Chinese Roasted Pork Char Siu

“Plan for what it is difficult while it is easy, do what is great while it is small.” – Sun Tzu, The Art of War.

Sun Tzu’s The Art of War has been one of my favorite books for a little over 10 years now. It is such a down-to-earth book that always provide relevant aphorisms to illustrate the processes behind decision-making and planning and in this case cooking. What an amazing man…

The point of this little digression was simply to draw your attention on the planning aspect of this recipe. It’s definitely something you want to plan in advance: while it’s really not a difficult recipe, it is long both in preparation – even if it’s somehow a passive preparation – and in cooking. Since the recipe is so long I find it best to cook big batches of it and freeze them. I will take the meat out and slice or dice it, let it cool and freeze in a plastic bag. Char Siu is a great freezer friendly staple to have around. You can grab it last minute and throw it in a fried rice, wok dishes, noodles or just plain rice. The sauce from the marinade is also great as a base for building asian-type flavors.

Charsiu roast porc act

For the little story both my little brother and the Guy home call this the “Magical Meat”… They do have some weird way of naming the stuff I cook but it says a lot of how much they like this particular version of char siu. Well, it’s true that this meat packs so much flavors, that you could have really bland food with it, it would still be flavorful and delicious – especially with plain white rice.


  • Difficulty: It's a breeze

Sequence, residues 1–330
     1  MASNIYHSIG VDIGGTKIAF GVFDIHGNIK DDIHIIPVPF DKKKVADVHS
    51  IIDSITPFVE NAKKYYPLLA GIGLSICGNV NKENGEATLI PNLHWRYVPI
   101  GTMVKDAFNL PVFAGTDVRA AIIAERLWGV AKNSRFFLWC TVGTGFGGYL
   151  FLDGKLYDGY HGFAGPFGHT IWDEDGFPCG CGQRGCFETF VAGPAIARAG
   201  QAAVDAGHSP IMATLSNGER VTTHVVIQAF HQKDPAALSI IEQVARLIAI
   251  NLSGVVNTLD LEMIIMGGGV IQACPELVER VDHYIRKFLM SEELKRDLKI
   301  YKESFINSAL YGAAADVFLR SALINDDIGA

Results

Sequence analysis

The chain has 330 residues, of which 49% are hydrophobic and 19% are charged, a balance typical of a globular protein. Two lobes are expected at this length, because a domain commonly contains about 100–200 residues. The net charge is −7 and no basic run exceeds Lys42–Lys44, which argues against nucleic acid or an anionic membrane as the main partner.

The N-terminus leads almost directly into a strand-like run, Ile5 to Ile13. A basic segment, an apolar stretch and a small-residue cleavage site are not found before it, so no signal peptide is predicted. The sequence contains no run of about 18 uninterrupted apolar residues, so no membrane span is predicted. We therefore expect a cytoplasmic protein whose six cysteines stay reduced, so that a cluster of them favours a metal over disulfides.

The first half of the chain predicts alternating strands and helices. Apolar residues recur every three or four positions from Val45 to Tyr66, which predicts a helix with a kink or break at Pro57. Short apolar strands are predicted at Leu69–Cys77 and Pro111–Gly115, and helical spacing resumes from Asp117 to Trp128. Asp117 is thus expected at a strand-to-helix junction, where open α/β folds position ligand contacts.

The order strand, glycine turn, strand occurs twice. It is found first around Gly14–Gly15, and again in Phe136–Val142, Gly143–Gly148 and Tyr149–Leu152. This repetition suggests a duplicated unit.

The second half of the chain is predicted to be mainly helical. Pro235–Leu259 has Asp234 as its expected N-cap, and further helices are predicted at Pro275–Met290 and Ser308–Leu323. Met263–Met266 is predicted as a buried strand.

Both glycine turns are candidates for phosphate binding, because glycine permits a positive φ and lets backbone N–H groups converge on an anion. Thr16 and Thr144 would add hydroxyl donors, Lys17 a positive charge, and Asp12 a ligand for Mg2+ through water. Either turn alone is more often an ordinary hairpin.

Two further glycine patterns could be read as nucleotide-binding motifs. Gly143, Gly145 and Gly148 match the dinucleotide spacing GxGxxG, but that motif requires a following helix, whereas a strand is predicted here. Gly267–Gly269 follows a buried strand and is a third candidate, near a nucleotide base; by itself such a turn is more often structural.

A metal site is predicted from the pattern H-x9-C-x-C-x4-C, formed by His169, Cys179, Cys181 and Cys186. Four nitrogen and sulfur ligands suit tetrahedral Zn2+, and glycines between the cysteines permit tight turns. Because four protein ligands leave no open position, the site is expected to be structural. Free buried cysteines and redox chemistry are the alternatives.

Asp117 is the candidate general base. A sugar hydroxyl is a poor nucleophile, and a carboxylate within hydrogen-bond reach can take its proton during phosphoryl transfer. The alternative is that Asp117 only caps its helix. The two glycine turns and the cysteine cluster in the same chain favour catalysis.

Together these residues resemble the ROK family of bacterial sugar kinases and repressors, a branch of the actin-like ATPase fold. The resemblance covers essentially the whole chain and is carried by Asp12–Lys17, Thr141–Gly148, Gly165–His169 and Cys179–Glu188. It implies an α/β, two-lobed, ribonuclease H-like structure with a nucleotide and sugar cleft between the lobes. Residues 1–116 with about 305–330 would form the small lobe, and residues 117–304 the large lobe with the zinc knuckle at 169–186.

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You will need

  • 1kg pork
  • 1 fat piece of ginger
  • 4-5 cloves of garlic
  • 1 star anise or 1tsp 4 spices or 1tsp graines a roussir mix
  • 1/2 tsp chili – optional
  • soy sauce
  • sugar

What should you do

  1. The day before cut the pork into medium chunks and trim any big lumps of fat before putting it in a plastic bag or a plastic container.
  2. Add the crushed garlic, chopped ginger, anise and optional chili.
  3. Cover with soy sauce. Use a smallish container so you don’t waste soy sauce and if the meat is not totally covered, turn the meat after a few hours.
  4. Leave in the fridge for at leat 12 hours and up to 24.
  5. Empty the marinated meat in a baking tray. Pour in the marinade so the meat is sitting in about 1 centimeter of liquid. If you don’t have enough liquid, add some water.
  6. Sprinkle a little sugar over the pork.
  7. Bake at 140°C or about 285°F for 2 – 2 and half hours turning the meat every 30 minutes. To have a more caramelizied and sweeter taste, sprinkle additional sugar.
  8. By the time the meat is cooked, you will have dark, tender meat and some syrupy cooking sauce. Don’t throw the sauce! Strain it to remove any piece of ginger or garlic, put it in the fridge overnight to defat it, then freeze. A teaspoon of this sauce is amazing as a base for chinese style noodles or fried rice.
  9. Enjoy!

Char Siu is quite salty and best eaten with bland food such as rice or in dishes where you control the amount of salt you add.

A good cut for the recipe could be pork sirloin. It should have some fat as fat carries flavors and will increase tenderness.

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